Mr. Tamura is one of the hardest-working people in his company. He’s been burning midnight oil for months on end to get a crucial joint venture lined up with a Korean outfit. He’s uneasy about the fact that his wife disappeared two years ago, but takes comfort in the fact that his current girlfriend loves him dearly. Then one morning two detectives show up at his job and coldly inform him that his girl was murdered last night, and all the signs point to him being the culprit.
Tamura’s appalled, but staunchly declares his innocence. It doesn’t help that he himself has been carrying around a great deal of doubt about his own sanity, and has been visiting a psychiatrist to help deal with the tangle of emotions inside of him. The police tail him, put pressure on him—and soon Tamura’s sanity and life unravel like someone pushed the Biggest Ball of Twine In The World (from Cawker City, Kansas) down a steep hill.
And Mr. Tamura is a koala.
Minoru Kawasaki’s Executive Koala doesn’t just defy classification, it actively stages insurrection against it. It’s like Eugene Ionesco cannibalized three unfilmed Hitchcock productions and then called in Shel Silverstein for a rewrite. It’s not just a spoof of thrillers, or social satires, or any one thing. It’s a spoof of all genre-hopping mind-bending cinema, a way to slip the whole concept a cheerful Mickey Finn. (Or is that Miike? Sorry, I had to say it.) It’s consequently not as successful as a movie, but as a way to completely screw with the heads of an audience—all the while smiling joyously—it’s unparalleled. Only Japan seems capable of producing movies this simultaneously unhinged and merry.
The first half to third of Koala seem predictable enough. Tamura works hard and gets great results, but is still seen as something of an odd man out at his company. It’s all setup for what seems like a fairly predictable allegory about outsiders in Japan—swap “Korean” or “Westerner” for “koala” and you have an easy formula. The algebra’s made all the more obvious when Tamura’s Korean business contact comes into the story—but in what becomes the movie’s signature plot-fakeout style, he then teaches Tamura martial arts in a scene that’s a mini-spoof of kung fu flicks. And it’s not a throwaway, either; it actually gets used later on—even if in a way that makes absolutely no objective sense. Ditto the fact that Tamura is a koala, and his boss a rabbit (and the convenience-store counterman a frog).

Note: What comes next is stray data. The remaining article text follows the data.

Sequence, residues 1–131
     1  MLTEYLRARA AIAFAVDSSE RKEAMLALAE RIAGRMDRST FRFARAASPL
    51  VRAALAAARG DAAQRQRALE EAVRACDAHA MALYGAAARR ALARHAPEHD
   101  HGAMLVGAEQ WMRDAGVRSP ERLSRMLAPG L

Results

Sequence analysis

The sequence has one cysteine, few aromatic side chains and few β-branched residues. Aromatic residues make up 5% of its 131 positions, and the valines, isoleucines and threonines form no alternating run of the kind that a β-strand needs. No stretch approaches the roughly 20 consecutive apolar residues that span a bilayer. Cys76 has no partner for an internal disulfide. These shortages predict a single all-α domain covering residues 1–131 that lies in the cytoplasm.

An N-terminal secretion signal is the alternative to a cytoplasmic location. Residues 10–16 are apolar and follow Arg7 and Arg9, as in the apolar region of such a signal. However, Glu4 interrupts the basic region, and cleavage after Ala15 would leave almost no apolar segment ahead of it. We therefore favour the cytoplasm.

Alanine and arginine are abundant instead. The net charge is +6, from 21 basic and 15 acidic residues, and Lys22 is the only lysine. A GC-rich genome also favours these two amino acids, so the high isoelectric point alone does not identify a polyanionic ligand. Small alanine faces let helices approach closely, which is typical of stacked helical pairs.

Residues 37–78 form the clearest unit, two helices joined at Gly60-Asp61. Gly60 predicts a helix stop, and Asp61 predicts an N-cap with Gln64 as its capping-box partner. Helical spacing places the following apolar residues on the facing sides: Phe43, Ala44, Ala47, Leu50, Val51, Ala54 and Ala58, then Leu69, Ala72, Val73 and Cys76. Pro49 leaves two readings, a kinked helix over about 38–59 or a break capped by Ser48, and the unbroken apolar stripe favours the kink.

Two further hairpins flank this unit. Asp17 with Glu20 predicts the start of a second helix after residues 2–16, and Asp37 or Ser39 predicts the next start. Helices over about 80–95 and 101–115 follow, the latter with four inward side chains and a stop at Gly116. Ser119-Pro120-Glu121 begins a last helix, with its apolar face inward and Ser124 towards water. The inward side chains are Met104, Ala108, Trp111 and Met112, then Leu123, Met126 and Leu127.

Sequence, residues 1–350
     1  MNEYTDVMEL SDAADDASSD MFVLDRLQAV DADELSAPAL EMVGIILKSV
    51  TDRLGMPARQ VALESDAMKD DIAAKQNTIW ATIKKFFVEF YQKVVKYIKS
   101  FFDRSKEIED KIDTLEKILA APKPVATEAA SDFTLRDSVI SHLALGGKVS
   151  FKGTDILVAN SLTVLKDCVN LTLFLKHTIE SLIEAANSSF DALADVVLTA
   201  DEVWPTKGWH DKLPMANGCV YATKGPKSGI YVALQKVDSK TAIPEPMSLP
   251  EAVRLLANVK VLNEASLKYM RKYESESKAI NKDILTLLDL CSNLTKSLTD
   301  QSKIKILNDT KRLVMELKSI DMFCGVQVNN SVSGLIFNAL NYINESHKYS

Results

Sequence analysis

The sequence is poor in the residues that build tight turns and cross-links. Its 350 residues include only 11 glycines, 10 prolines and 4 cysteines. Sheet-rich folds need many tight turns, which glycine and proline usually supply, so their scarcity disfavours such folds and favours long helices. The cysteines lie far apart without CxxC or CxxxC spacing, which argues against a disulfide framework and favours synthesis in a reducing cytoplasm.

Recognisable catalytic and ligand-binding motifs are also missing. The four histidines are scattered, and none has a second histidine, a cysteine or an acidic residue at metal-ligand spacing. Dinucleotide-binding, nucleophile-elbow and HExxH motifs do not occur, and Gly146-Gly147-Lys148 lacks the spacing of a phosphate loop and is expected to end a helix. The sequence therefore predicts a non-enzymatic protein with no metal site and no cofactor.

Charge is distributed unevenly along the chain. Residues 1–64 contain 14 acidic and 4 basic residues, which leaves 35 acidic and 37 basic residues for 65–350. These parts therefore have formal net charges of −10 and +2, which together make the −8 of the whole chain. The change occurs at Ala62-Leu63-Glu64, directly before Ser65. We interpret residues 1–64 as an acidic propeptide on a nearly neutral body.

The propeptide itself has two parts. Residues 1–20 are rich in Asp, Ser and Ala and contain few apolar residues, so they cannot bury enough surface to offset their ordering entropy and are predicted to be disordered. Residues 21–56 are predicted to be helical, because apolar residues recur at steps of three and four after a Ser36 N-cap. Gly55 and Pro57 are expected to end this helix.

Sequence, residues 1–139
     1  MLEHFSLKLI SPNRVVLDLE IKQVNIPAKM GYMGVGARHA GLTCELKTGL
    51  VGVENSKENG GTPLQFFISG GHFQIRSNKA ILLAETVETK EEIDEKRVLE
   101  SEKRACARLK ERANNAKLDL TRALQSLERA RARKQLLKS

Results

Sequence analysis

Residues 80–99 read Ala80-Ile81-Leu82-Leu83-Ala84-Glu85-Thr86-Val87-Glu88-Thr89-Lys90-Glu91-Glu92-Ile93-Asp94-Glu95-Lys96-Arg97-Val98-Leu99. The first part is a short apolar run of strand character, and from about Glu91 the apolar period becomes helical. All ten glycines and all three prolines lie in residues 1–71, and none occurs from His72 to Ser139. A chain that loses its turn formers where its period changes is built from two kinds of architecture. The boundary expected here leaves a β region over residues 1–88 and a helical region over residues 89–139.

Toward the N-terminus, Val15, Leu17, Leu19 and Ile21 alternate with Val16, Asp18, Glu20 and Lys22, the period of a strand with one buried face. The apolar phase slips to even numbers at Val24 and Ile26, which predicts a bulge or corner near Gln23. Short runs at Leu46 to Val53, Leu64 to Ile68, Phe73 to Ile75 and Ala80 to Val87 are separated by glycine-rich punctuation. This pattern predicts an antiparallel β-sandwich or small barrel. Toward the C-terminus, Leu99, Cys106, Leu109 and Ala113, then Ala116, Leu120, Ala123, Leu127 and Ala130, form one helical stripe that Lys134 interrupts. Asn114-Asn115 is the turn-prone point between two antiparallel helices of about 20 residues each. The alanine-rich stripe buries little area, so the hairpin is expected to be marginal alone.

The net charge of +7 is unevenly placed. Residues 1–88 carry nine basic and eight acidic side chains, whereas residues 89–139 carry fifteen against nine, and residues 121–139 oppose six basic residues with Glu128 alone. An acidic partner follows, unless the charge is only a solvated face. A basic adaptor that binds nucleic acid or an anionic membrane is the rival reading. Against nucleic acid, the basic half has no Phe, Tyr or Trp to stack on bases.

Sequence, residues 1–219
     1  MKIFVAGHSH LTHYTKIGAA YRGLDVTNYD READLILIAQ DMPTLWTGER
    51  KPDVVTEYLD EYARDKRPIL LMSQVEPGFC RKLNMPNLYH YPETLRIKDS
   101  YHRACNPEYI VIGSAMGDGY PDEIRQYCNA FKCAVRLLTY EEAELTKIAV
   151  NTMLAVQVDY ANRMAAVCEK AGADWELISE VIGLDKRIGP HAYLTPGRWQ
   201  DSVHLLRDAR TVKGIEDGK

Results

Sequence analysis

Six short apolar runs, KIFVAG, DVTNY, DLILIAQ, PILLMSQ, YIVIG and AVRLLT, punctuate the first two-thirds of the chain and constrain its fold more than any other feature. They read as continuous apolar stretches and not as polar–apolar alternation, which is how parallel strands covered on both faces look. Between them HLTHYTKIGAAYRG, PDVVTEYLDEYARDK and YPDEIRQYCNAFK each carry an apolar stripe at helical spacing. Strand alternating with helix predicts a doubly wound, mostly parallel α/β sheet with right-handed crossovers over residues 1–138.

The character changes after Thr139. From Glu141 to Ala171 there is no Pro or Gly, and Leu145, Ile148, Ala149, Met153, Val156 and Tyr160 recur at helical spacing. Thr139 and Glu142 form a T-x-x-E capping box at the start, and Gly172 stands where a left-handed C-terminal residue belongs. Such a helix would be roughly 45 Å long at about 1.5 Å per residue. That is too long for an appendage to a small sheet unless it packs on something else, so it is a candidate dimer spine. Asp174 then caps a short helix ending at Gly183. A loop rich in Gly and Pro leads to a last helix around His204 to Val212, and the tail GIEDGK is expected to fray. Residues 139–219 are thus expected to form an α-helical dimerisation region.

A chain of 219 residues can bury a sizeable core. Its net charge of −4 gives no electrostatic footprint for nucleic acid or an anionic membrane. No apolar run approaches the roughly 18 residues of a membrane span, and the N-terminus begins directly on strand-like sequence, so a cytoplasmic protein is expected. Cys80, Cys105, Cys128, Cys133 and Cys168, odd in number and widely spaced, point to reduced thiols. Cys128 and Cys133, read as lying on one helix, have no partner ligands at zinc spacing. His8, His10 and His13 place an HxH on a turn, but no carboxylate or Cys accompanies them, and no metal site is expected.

Bit by bit the movie becomes completely and deliriously unhinged, as does Tamura himself. His doctor and his boss have been conspiring behind his back to destroy his mind, Oldboy-style—or are they attempting to save him from something even worse than madness? His former wife shows up in a femme fatale role; he’s found guilty of murder and sent to prison; he recovers repressed memories of being a wife-beating monster; he has past-life flashbacks and dream sequences within dream sequences, and … and then there’s a happy ending that for sheer irrelevance / irreverence is only one-upped by Miike’s own mind-melter at the end of Dead or Alive.
I suspect a movie this frankly berserk works best when you’ve already seen a few other films that perform the same sort of genre hopscotch. Not that the movie is designed to make a lick of sense anyway. It’s an experiment in comedy, and it’s pretty daring; the movie gets laughs any way it possibly can, and never slows down or goes back over previously-explored territory. It’s also a good example of solid filmmaking on a small budget. The digital photography employs bright, cheerful colors—even the night scenes have a cheeky glow to them—and I liked how the koala suit is both elaborate and cheesy: the designers gave it a gamut of expressions, but you can still see the zipper in every shot from behind. A good metaphor for the film itself.